Thursday Evening Online Program
July 14, 2022,
7:00 to 8:45 pm Eastern Time
Dear Still Water Friends,
This Thursday evening will be a celebration. On Friday, June 10th, 2022, Annie Mahon participated in a Lamp Transmission ceremony at Plum Village, France, and was recognized as a Dharmacharya, a Teacher of the Dharma. Annie is one of Still Water’s earliest members, and is also the founder of the Opening Heart Mindfulness Community, The ceremony is part of an ancient Zen tradition through which the spiritual elders in the community entrust certain students with transmitting the practice of mindfulness to the next generation. Currently, in the Plum Village community, Order of Interbeing members are nominated to receive lamp transmission when the practice of mindfulness has permeated their lives, and when they have the capacity and willingness to teach.
An essential part of the ceremony is the sharing of short insight gathas or poems. The recipient shares an insight gatha that reveals their readiness, and the transmitting teacher accepts the poem and offers a poem that acknowledges the recipient’s strong practice and offers encouragement. Annie’s insight gatha was:
Seeing the skull with teeth in these foggy rainy woods,
I know this wildly free, composting world is mine, is me.
All of us will arrive home together chanting Namo ‘Valo,
Leaving nothing but our love and a few muddy footprints behind.
The transmission gatha Annie received from Brother Phap Ung was:
The jade waters of the deep lake
Refresh Mother Earth’s heat and pain.
We shall never give up our task
Watering the flowers of peace.
Brother Phap Ung’s gatha was a response to her gatha and included a reference to Annie’s “True Name” — True Blue Lake — given to her when she ordained in the Order of Interbeing in 2009. Annie told me that the encouragement she heard was support for not falling into despair, even when she repeatedly witnesses the deep suffering of the world.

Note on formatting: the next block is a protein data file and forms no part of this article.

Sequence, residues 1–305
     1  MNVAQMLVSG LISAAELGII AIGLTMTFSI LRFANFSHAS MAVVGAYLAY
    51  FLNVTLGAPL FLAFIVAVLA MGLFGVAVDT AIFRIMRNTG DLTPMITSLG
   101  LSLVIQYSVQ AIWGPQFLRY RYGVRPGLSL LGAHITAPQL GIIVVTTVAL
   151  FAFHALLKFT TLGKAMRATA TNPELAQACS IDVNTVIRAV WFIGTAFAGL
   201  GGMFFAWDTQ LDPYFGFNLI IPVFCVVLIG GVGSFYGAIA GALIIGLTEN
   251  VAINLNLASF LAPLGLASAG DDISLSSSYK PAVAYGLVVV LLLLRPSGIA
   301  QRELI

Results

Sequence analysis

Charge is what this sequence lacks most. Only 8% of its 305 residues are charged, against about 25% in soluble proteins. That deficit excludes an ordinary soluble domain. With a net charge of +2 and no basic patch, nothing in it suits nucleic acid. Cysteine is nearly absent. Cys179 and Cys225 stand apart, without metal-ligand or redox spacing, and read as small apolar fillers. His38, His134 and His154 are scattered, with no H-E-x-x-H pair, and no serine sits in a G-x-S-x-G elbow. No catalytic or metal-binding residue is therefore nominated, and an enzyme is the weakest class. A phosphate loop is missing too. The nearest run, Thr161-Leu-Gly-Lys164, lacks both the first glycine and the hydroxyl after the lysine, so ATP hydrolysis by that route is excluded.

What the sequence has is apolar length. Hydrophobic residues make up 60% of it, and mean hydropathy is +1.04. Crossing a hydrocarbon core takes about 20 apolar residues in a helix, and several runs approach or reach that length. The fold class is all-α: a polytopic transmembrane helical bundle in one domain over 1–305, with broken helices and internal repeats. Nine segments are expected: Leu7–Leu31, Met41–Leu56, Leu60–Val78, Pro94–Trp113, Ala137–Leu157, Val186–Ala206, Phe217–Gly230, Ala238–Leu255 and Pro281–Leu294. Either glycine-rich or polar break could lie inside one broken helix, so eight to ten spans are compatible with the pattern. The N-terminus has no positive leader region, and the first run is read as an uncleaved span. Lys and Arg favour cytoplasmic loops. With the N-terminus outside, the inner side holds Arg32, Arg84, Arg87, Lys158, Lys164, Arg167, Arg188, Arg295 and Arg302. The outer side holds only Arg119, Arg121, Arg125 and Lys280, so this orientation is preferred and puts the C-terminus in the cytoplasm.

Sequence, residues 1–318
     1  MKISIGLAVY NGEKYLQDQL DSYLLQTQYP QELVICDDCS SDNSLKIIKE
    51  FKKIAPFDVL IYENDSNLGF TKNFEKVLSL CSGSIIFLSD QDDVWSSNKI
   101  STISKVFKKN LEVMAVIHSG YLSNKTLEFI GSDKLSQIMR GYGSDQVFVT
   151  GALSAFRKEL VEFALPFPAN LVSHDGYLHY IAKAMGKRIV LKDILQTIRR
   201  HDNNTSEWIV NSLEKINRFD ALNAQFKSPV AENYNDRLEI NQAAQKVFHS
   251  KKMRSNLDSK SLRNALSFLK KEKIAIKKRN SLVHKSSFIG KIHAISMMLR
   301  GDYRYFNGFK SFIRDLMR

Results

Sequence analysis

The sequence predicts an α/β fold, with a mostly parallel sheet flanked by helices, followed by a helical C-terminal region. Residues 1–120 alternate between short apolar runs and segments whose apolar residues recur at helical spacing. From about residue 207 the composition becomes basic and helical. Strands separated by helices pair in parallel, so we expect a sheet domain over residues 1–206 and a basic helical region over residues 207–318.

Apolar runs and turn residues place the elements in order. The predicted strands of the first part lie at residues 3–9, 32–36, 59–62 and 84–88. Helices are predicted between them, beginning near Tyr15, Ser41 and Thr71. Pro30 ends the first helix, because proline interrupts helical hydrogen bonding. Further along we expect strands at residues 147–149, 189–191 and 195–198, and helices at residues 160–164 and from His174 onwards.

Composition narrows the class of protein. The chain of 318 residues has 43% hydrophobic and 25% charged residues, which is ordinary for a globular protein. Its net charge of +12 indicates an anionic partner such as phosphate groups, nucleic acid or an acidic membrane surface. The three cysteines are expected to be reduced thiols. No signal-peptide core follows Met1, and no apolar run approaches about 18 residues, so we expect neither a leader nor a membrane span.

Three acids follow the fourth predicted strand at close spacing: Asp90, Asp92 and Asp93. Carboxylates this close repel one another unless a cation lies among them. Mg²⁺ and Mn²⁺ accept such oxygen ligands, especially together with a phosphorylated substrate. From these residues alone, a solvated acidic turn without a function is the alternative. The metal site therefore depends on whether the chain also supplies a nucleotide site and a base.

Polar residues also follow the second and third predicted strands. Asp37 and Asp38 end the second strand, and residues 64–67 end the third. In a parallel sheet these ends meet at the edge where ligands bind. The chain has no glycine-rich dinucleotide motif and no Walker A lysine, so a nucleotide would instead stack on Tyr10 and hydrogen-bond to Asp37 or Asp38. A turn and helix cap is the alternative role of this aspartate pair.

This Thursday evening Annie will share with the Still Water community what receiving the lamp means to her. This will be followed by time for others to share what it means to them and to ask questions. Annie especially wants to talk about a time during the ceremony when Brother Phap Ung asked her to chant Namo ‘Valo. It was a pivotal moment when she learned something important about choice.
Annie also wanted me to share in this announcement, for those who cannot be with us on Thursday evening, that her aspiration as a Dharma teacher is, first and foremost, to continue to integrate her practice into all aspects of her daily life. In addition, she intends to continue supporting the Opening Heart Mindfulness Community and the Making-Visible project, exploring Dharma and economic justice with others, and being of service to the ARISE community.
It is for me a special honor to host this celebration for Annie. I have practiced with her for more than twenty years in a multitude of settings. She is a dear friend, co-conspirator, and spiritual companion. I welcome her into the community of Dharma teachers.
I invite you to join us on Thursday, July 14th.
In the excerpt below Thich Nhat Hanh explains how we are all teachers of the Dharma.
An Excerpt from “Bodhisattvas,” a Dharma Talk offered by Thich Nhat Hanh on May 17, 2001.
There are Dharma teachers who are wonderful, talented, and effective, yet humble and loving without any discrimination within themselves. These teachers can be very young. They don’t mind having teachers who are not as effective as themselves. If the other person is a good teacher, I enjoy that. If the other person is not such a good teacher, I hope that she will do better. Because you have that kind of insight, you don’t have to suffer at all. You will not say, “How could such a person receive the lamp transmission to be a teacher?” In fact, there are those who have not received any transmission and who never desire a lamp transmission, but they are also wonderful teachers. There is a poem in Chinese:
The novice gives a Dharma talk
And the venerable bhikshu sits quietly and listens.
It’s not the age or the studies that count but the nature of the Buddha in us and the potential of being a true teacher in us. We can see the potential of being a teacher in the young novice. We don’t need a title to be a good teacher. First, we have to teach ourselves how to live happily, how to forgive, and how to be open. By doing so, we set an example for many people.